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The Journey to Death

On any given day on earth, 360,000 children are born while 151,600 individuals pass away. As one journey begins, many others come to an end, often without a warning. While Jesus spoke of his destiny of dying on a cross, his disciples didn’t believe him. These 12 men pictured Jesus as an earthly king of the Jews, about to come to power shortly after Palm Sunday. When this didn’t happen as imagined, Peter was devastated, returning to his life as a fisherman, John 21:1-6.

And those who passed by kept reviling Him and reproaching Him abusively in harsh and insolent language, wagging their heads and saying, Aha! You Who would destroy the temple and build it in three days, 30 Now rescue Yourself [from death], coming down from the cross! – Mark 15:29-30.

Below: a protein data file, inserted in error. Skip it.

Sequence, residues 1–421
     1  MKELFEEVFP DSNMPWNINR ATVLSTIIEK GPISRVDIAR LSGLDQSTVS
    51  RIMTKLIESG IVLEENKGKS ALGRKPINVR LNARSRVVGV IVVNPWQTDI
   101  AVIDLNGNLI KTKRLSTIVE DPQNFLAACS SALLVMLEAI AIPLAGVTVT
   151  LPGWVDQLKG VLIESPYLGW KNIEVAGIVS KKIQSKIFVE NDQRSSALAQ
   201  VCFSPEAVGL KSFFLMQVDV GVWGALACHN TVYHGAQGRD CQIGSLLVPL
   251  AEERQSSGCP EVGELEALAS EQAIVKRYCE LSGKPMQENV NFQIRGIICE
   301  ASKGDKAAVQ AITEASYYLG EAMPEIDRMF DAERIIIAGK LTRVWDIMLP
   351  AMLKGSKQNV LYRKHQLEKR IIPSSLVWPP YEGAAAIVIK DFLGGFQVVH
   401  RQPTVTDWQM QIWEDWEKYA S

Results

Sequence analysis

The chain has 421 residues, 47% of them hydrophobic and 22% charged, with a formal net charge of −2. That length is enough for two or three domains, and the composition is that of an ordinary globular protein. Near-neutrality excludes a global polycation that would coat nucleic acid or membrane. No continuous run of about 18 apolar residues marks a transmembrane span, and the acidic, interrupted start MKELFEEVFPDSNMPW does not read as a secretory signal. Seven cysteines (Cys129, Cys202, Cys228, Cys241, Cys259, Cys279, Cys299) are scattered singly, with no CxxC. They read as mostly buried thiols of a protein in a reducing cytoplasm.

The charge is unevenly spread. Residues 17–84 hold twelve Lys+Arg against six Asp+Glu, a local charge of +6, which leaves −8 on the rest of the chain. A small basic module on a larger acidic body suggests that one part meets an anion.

In Jesus’ final hours on a cross, most of the people who stopped by criticized and mocked him. Luke’s account includes words spoken by the criminals hanging on either side of Jesus. One of these criminals was selfish, wanting Jesus to save himself before saving him as well. The other criminal was humble, feeling unworthy, pointing out that Jesus had done nothing wrong. Touched by this man’s words, Jesus spoke of paradise, a place beyond death.

So also the chief priests, with the scribes, made sport of Him to one another, saying, He rescued others [from death]; Himself He is unable to rescue. 32 Let the Christ (the Messiah), the King of Israel, come down now from the cross, that we may see [it] and trust in and rely on Him and adhere to Him! Those who were crucified with Him also reviled and reproached Him [speaking abusively, harshly, and insolently], Mark 15:31-32.

There are 48 verses in the Bible that reference Jesus’ death. Meanwhile, 11 Old Testament prophecies point to Jesus’ necessary journey to death. Due to Adam and Eve’s original sin, the fall of mankind, a second Adam was necessary to seek and to save that which was lost, Luke 19:10. This is what the apostle Paul refers to in Romans 5:12-14. This is what the Bible means by Jesus’ journey to the cross to fulfill God’s will. Rejoice in this completed mission, especially since Easter Sunday has now passed.

by Jay Mankus

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